ScaleBase has two editions: ScaleBase and ScaleBase Lite.
TheScaleBase Litesolution enables a transparent scale out if MySQL, with smart load balancing between replicated MySQL nodes, read/write splitting, high availability (automated failover)
The ScaleBase adds to the ScaleBase Lite an ability to distribute data across multiple shards, working together as a single cluster.


Vladi

Lawrence I Lerner
1
0
Lawrence I Lerner Entrepreneur • Advisor
Digitalization and Transformation Coach
@Abbas, great discussion topic. If someone is providing you with technical advice, I would start by askingthem, what they would like to see. It will tell you a great deal about their ability to ask smart, consultative questions. You'll also learn their breadth of knowledge.

Some things they should ask for:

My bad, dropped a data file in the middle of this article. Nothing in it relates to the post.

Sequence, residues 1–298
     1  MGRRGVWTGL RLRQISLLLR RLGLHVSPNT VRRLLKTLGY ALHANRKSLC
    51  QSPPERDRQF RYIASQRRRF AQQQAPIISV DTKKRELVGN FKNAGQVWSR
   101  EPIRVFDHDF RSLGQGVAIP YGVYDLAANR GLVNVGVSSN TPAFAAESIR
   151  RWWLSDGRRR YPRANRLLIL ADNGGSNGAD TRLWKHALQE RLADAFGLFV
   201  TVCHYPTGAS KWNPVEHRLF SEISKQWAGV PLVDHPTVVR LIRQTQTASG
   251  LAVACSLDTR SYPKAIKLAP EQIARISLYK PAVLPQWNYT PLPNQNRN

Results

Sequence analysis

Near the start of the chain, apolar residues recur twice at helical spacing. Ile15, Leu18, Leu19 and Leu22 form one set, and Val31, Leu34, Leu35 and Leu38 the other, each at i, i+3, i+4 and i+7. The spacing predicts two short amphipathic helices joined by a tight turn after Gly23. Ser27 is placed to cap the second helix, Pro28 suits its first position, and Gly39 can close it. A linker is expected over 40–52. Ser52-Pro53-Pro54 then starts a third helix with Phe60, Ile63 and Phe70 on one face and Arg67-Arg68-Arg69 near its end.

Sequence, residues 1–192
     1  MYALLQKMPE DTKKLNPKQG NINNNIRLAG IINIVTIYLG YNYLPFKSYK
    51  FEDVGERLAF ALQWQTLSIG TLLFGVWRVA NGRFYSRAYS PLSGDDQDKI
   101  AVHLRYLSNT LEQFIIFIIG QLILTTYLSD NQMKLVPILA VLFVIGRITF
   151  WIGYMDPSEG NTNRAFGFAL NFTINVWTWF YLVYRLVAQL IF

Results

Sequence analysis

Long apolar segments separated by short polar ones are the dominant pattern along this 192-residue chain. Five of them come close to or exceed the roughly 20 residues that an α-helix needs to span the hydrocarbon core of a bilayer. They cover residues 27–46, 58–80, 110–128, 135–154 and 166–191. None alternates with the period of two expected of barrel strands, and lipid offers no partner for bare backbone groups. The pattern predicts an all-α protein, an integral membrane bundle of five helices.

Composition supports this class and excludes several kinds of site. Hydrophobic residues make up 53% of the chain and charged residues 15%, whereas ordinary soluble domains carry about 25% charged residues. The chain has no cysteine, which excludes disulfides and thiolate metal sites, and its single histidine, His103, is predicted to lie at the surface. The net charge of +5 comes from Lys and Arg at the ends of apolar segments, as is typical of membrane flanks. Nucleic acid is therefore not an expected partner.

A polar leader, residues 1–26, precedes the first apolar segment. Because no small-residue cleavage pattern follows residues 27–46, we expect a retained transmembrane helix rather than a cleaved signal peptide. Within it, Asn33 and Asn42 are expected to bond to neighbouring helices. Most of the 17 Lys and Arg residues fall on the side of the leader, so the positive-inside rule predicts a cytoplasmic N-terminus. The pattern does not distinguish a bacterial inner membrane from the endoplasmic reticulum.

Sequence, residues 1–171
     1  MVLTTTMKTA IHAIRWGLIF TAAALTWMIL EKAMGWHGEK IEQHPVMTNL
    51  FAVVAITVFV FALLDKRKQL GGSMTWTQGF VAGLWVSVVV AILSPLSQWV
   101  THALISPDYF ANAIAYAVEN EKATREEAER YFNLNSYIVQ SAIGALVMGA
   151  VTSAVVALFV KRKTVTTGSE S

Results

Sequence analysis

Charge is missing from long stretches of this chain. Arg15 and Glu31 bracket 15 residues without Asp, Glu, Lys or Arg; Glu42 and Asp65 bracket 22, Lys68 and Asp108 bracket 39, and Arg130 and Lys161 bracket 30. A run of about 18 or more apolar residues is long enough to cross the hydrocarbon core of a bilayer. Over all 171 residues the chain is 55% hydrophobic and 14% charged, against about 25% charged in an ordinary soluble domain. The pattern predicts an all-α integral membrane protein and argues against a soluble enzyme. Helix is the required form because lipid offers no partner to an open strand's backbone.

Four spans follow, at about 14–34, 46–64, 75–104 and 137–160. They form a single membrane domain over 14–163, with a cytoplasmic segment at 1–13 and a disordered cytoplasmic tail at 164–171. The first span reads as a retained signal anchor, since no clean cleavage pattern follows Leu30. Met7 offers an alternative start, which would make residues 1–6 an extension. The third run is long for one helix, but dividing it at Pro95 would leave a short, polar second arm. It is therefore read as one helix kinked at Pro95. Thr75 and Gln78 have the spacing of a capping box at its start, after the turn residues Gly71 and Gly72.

• Your current technology stack
  • Datamodel
  • Any architectural diagrams or artifacts (technical design specifications, functional, user stories)
  • Access to a sandbox environment to play around with your existing product
  • Your standards for Quality Assurance and software testing
  • Coding and development - tools, standards
  • Access to your current technical lead
As @Vladi has mentioned, LAMP is highly scalable too. Apache, Linux, MySQL, PHP/Python or other Open Source software runs very large enterprise class implementations. I've built quite a few corporate systems that support millions of users and hundreds of thousands of transactions per hour. Ping me if you need LAMP examples.

Cheers
Sam McAfee
2
0
Sam McAfee Advisor
Building Popup Incubators for Corporate Innovation Programs
Yeah, @Abbas. I think the whole framing of the question is looking at it the wrong way. There several issues here.

1. Facebook uses PHP, so let's not pretend it doesn't scale. It's not the language, but the architecture of the system is that is going to make the biggest differences.